Ritual brings high, dark, experimental fashion to Capitol Hill
If you’ve ever walked near Pike and Broadway in Capitol Hill, you’ve probably been there Ritual – a brick and mortar store with striking all-black sets displayed in the large window.
This quirky lifestyle boutique was co-founded in 2018 by Sarah Williams and William Rheinhardt, two fashion retail veterans who quit their corporate jobs to create space for the dark, experimental fashion that Williams calls “Executive goth”.
From her first job in a dry cleaners at the age of 16 to her job for clothing giant H&M for 15 years, Williams has always been drawn to the clothing and textiles industry. After rising through the ranks of display and display sales at H&M, Williams finally met Rheinhardt 11 years ago while working at H&M in downtown Portland.
“We’ve been a team for a long time for this business, then we got a little tired of making money for other people, and we got tired specifically of making money for rich white Swedes, basically “Williams said. “What corporate fast fashion is is you spend all your time in malls, and you feel very disconnected. […] I felt like there should be more to my professional career than that. “
Like most great things, the idea for Ritual originated in a bar, and Williams and Rheinhardt gave it all up to self-fund a space for gender-neutral clothing, accessories, and occult items such as crystals and divination tools. .
“Store conservation is basically my style [and] my life, “Williams said.” I want everyone to look like a character in Final Fantasy because that’s how I would like my world to be. “
Williams further noted that she and Rheinhardt also liked and drew a lot of inspiration from “cheesy horror movies” like ’90s Bram Stoker’s “Dracula”, as well as various photographers like Ellen von Unwerth, who raised fetishistic aspects of harness and latex and turned it into a sophisticated fashion.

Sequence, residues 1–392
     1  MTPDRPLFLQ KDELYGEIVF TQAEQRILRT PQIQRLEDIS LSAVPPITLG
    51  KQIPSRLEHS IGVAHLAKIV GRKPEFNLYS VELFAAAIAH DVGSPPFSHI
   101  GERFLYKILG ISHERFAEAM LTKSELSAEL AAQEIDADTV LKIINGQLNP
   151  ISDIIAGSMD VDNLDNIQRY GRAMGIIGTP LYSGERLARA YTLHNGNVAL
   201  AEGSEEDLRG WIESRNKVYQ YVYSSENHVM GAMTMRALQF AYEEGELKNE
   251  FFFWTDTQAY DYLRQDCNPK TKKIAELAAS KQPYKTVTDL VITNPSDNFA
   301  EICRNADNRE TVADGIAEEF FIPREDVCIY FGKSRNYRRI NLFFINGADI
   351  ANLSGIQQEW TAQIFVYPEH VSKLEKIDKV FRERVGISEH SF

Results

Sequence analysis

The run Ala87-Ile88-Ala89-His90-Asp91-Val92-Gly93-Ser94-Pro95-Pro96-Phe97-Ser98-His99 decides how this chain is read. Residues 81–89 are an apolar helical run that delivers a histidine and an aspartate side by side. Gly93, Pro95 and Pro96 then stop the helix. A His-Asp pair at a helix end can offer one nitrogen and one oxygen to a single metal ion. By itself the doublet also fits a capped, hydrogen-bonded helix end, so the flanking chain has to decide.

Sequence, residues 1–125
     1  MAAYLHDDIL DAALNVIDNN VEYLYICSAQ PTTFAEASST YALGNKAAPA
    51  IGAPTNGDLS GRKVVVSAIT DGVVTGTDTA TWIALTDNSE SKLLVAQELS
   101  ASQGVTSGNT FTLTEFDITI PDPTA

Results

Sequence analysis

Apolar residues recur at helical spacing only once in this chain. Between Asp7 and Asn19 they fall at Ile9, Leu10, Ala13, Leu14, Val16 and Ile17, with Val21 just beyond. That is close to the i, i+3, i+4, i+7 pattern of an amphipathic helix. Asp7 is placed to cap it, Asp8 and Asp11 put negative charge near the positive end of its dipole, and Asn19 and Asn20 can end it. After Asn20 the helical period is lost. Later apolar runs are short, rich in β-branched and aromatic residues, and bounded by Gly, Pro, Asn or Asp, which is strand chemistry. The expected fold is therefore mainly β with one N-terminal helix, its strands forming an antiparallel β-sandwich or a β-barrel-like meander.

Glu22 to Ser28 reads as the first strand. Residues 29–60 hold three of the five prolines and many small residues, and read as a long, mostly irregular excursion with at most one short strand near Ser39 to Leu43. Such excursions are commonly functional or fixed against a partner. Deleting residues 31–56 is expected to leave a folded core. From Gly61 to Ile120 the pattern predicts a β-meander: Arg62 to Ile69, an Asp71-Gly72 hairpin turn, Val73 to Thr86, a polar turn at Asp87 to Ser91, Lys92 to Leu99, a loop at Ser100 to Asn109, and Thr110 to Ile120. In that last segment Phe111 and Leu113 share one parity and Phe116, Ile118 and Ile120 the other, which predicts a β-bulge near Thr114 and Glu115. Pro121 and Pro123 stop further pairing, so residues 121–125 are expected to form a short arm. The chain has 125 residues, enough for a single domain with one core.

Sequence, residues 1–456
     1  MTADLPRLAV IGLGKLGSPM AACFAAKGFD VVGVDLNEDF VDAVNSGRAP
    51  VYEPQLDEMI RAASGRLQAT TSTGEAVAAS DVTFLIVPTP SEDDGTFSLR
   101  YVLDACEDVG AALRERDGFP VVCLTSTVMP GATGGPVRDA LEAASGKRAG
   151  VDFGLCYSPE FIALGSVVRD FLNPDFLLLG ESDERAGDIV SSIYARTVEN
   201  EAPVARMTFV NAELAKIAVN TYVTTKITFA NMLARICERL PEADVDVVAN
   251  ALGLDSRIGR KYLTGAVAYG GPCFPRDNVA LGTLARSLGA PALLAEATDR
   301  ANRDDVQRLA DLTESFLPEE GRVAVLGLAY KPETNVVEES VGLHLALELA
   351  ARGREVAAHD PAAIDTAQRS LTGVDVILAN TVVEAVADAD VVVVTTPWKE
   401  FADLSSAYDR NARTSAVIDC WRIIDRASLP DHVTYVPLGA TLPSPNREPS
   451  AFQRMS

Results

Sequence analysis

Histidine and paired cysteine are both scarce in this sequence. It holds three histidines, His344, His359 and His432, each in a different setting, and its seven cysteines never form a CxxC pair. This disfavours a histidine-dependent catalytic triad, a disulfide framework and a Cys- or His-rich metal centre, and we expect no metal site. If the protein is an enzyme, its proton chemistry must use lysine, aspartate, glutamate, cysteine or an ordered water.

Like most small businesses, Ritual has had to adapt to the new changes caused by the coronavirus pandemic. In addition to learning about the digital marketplace and building a website, Williams also noted the importance and encouragement from Ritual’s customers, who have continuously and consciously supported the store throughout this time.
“We built relationships with our community, which is why we wanted to leave H&M and do it so that we could affect the landscape here locally with fashion,” said Williams.
From size XS to 5X, Ritual offers clothing for all shapes, genres and sizes made by local and international designers, creating a safe space for customers to be creative with how they choose to dress. Express. Especially given Ritual’s large trans and non-binary customer base.
“It’s really important that we have a space where people can shop where they don’t feel like they have to hide in the men’s section or surreptitiously by the women’s section,” said Williams. “We don’t legitimately care what you wear. ”
In addition to continuing to collaborate and work with local designers like Raqschala Weston, Williams also noted that Ritual was looking to create his own gender-neutral line that would suit “any human who wants to wear it.”
“I’m very passionate about not dividing fashion or art between the sexes. It’s a very old way of looking at clothes, and it doesn’t even make sense in modern times,” he said. Williams said. “There are no borders and clothes have no gender.”